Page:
Egon Schiele: The Paintings (40th Anniversary Edition)
Tobias G. Natter (Ed.)
After Egon Schiele (1890–1918) freed himself from the shadow of his mentor and role model Gustav Klimt, he had just ten years to inscribe his signature style into the annals of modernity before the Spanish flu claimed his life. Being a child prodigy quite aware of his own genius and a passionate provocateur, this didn’t prove to be too big a challenge.
His haggard, overstretched figures, extreme depiction of sexuality and self-portraits, in which he staged himself with emaciated facial expressions bordering between brilliance and madness, had none of the decorative quality of Klimt’s hymns of love, sexuality and yearning devotion. Instead, Schiele’s work spoke of a brutal honesty, one that would upset and irreversibly change Viennese society.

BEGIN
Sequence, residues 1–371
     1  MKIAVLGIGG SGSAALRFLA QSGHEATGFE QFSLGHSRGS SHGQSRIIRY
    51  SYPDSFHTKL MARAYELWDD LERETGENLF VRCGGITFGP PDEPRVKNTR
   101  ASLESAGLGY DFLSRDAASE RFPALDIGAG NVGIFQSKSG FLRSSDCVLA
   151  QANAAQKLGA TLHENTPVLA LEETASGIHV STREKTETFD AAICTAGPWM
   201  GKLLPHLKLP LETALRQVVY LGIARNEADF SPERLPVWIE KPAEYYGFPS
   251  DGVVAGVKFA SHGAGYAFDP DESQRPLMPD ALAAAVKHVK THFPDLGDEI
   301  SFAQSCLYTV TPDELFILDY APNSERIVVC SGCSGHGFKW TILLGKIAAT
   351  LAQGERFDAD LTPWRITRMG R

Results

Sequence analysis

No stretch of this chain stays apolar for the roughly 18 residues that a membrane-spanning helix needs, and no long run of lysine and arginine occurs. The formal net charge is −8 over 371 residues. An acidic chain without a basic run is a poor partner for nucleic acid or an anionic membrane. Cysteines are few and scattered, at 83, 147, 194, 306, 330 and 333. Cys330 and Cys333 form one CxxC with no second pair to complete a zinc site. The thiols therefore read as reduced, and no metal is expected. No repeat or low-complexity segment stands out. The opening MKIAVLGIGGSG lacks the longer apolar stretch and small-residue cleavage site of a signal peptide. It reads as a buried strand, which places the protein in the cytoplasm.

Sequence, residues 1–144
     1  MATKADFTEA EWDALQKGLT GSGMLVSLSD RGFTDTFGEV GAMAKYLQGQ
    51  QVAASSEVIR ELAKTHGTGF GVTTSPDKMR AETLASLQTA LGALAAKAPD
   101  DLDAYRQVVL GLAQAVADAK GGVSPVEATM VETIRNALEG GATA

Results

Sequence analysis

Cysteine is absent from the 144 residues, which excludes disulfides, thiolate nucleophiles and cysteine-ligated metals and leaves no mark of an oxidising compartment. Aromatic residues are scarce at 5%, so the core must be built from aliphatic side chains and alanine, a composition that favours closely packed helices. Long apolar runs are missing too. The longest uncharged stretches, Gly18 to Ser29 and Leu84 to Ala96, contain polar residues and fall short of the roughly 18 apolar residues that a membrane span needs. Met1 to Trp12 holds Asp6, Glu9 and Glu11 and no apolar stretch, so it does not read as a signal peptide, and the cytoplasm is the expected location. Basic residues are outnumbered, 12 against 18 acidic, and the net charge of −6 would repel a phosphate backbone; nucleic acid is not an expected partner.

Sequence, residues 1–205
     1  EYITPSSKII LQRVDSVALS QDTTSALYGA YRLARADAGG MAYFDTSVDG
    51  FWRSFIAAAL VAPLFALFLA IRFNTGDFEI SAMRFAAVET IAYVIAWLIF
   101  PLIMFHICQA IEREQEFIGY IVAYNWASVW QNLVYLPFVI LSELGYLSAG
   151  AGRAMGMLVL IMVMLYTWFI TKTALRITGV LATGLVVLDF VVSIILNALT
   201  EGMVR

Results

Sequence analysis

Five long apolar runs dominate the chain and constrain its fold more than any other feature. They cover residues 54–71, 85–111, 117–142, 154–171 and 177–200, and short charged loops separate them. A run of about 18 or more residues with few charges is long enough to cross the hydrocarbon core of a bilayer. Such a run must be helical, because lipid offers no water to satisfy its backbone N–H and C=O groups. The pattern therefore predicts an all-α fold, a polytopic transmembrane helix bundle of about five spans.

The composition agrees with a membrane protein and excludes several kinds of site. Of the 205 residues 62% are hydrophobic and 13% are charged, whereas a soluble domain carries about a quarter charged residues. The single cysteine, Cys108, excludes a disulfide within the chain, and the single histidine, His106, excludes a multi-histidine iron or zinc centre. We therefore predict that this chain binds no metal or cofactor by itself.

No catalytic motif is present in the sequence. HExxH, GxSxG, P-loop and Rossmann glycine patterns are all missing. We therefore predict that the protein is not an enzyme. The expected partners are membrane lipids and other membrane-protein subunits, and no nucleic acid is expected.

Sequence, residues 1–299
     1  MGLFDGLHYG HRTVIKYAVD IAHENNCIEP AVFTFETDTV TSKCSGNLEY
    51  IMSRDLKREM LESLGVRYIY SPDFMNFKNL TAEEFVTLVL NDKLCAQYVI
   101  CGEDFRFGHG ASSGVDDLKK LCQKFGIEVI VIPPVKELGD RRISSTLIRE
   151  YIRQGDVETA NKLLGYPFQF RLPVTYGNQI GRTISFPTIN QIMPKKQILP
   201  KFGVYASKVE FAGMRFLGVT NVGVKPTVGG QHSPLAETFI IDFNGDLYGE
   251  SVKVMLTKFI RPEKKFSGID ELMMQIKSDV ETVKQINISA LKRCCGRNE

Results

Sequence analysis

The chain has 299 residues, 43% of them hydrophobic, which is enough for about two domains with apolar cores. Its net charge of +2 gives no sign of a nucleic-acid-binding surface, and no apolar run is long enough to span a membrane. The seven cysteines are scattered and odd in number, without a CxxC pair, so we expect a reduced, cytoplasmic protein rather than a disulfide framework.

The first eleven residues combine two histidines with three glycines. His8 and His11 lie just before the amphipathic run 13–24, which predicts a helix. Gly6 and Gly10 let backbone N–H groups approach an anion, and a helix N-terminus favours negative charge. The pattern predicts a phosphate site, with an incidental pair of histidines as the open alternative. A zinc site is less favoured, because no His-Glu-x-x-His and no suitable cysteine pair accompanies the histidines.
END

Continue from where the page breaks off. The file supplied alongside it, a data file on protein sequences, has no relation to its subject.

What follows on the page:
Although his works were later defamed as “degenerate” and for a time were almost forgotten altogether, they influenced generations of artists—from Günter Brus and Francis Bacon to Tracey Emin. Today, his then misunderstood oeuvre continues to fetch exorbitant prices on the international art market.